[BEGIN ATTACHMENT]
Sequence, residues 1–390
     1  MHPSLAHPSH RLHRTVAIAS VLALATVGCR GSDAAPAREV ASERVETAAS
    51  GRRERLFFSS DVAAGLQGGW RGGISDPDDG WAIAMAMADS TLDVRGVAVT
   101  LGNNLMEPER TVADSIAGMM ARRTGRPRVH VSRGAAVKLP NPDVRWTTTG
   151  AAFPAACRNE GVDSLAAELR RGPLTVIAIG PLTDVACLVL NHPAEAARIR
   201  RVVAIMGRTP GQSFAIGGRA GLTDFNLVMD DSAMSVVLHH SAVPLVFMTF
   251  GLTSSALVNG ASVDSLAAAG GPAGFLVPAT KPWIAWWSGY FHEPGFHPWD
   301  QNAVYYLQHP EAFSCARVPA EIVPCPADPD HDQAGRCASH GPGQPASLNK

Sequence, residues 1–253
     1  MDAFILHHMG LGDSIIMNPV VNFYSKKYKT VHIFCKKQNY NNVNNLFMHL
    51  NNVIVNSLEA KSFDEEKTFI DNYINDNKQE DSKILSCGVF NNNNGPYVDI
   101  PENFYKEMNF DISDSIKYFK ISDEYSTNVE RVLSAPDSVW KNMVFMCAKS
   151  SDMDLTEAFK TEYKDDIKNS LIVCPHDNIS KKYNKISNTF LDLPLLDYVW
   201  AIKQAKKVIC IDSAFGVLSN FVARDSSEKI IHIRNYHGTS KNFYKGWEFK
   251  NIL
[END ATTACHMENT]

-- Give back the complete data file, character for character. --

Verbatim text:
Sequence, residues 1–390
     1  MHPSLAHPSH RLHRTVAIAS VLALATVGCR GSDAAPAREV ASERVETAAS
    51  GRRERLFFSS DVAAGLQGGW RGGISDPDDG WAIAMAMADS TLDVRGVAVT
   101  LGNNLMEPER TVADSIAGMM ARRTGRPRVH VSRGAAVKLP NPDVRWTTTG
   151  AAFPAACRNE GVDSLAAELR RGPLTVIAIG PLTDVACLVL NHPAEAARIR
   201  RVVAIMGRTP GQSFAIGGRA GLTDFNLVMD DSAMSVVLHH SAVPLVFMTF
   251  GLTSSALVNG ASVDSLAAAG GPAGFLVPAT KPWIAWWSGY FHEPGFHPWD
   301  QNAVYYLQHP EAFSCARVPA EIVPCPADPD HDQAGRCASH GPGQPASLNK

Sequence, residues 1–253
     1  MDAFILHHMG LGDSIIMNPV VNFYSKKYKT VHIFCKKQNY NNVNNLFMHL
    51  NNVIVNSLEA KSFDEEKTFI DNYINDNKQE DSKILSCGVF NNNNGPYVDI
   101  PENFYKEMNF DISDSIKYFK ISDEYSTNVE RVLSAPDSVW KNMVFMCAKS
   151  SDMDLTEAFK TEYKDDIKNS LIVCPHDNIS KKYNKISNTF LDLPLLDYVW
   201  AIKQAKKVIC IDSAFGVLSN FVARDSSEKI IHIRNYHGTS KNFYKGWEFK
   251  NIL